In our case, the total cost of our trip to Legoland comes out at around £75 per person. Now, while I appreciate that’s expensive, it is on par with similar attractions such as Thorpe Park or Alton Towers.
The kids really enjoyed the experience, as did we and as we haven’t been on a ‘proper holiday’ for over twelve months now it really stood out as a special experience.
Was Legoland Worth It Even Though The Kids Don’t Play With Lego?
My niece and nephew don’t play with Lego. Therefore, many questioned why we’d take them to a theme park dedicated to the toy. However, while the core of Legoland is Lego it’s actually much more than that.
For this reason, you don’t need to have played with Lego previously to enjoy a day at Legoland. Many kids appreciate the fact that giant models have been made from tiny bricks, the cool rides or the exciting characters without having previously clipped together with two Lego bricks.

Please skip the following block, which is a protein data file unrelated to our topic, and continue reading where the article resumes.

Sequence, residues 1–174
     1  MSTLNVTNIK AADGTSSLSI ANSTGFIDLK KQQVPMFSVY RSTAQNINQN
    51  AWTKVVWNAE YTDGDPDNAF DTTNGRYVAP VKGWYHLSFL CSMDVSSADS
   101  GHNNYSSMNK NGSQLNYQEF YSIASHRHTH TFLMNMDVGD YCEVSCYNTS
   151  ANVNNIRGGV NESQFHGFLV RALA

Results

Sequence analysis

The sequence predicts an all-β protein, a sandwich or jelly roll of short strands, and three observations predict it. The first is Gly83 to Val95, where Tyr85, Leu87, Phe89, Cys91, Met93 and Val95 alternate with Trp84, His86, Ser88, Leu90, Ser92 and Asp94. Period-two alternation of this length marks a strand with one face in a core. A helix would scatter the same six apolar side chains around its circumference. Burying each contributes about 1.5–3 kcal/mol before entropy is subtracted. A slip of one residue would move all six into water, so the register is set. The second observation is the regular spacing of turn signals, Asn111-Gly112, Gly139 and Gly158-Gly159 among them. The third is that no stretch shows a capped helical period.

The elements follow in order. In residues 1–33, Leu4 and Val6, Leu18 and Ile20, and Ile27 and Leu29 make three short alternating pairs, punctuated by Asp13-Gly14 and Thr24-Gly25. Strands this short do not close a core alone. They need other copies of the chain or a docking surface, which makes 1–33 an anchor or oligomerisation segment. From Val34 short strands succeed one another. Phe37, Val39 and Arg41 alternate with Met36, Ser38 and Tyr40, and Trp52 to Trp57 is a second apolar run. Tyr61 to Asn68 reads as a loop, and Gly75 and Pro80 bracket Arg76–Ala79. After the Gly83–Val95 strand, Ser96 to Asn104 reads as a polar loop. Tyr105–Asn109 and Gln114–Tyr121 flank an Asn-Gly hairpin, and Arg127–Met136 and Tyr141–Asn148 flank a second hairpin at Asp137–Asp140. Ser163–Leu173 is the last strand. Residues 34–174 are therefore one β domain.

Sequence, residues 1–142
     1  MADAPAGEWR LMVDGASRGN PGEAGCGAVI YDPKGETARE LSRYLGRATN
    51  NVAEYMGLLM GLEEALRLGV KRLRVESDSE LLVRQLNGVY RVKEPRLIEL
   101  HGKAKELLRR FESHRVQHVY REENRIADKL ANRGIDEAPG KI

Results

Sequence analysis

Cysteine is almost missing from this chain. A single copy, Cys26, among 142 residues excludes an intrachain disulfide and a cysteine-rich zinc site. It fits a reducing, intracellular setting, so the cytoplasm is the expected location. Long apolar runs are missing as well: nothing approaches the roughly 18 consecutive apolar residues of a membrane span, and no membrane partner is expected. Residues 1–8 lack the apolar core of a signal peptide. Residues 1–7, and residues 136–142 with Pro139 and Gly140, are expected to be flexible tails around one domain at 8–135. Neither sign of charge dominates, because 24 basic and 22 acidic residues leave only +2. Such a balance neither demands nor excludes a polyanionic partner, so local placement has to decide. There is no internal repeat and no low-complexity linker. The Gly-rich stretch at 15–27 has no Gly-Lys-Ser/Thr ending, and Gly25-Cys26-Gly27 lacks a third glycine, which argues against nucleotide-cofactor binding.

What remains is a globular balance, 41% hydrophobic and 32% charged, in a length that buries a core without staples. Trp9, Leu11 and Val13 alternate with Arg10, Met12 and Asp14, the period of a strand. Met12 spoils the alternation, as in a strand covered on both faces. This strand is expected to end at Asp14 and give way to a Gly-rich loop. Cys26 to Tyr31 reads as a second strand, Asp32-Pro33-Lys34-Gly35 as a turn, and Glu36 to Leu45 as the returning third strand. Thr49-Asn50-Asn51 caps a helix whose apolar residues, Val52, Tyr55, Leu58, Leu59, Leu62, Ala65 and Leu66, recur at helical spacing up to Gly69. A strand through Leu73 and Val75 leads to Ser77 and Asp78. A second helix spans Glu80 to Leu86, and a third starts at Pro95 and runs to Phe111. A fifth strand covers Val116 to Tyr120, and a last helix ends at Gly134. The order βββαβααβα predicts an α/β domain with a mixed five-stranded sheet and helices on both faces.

I can imagine that kids who enjoy playing with Lego will enjoy the experience more when compared to those who don’t. However, in Frankie and Matilda’s case, the fact they’d never really played with Lego wasn’t an issue.
They enjoyed going on all the cool rides, seeing all the attractions and playing with the interactive games; whether they were Lego related or not.
Is Legoland Worth It If You Or Your Kids Don’t Like Rides?
In my personal opinion, the rides are a larger core element of Legoland than the Lego itself. While there are shows, meet-and-greets and plenty of models to stand and look at in awe. The rides make up 90% of the Legoland park.
As a result, if you or your children don’t like rides then Legoland might not be the right theme park for you. With that being said, while you and/or your children might not like some rides there is a variety at Legoland so you may find a handful that makes your trip worthwhile.
There are eight water rides and attractions at Legoland Windsor. However, only two of them are suitable for children under 1m tall. These are Splash Safari and Drench Towers.
Both of these attractions are based inside Duplo Valley and are water splash areas including a variety of different interactive water features. Be sure to consider the time of year you’re visiting Legoland as to whether or not these attractions will be suitable.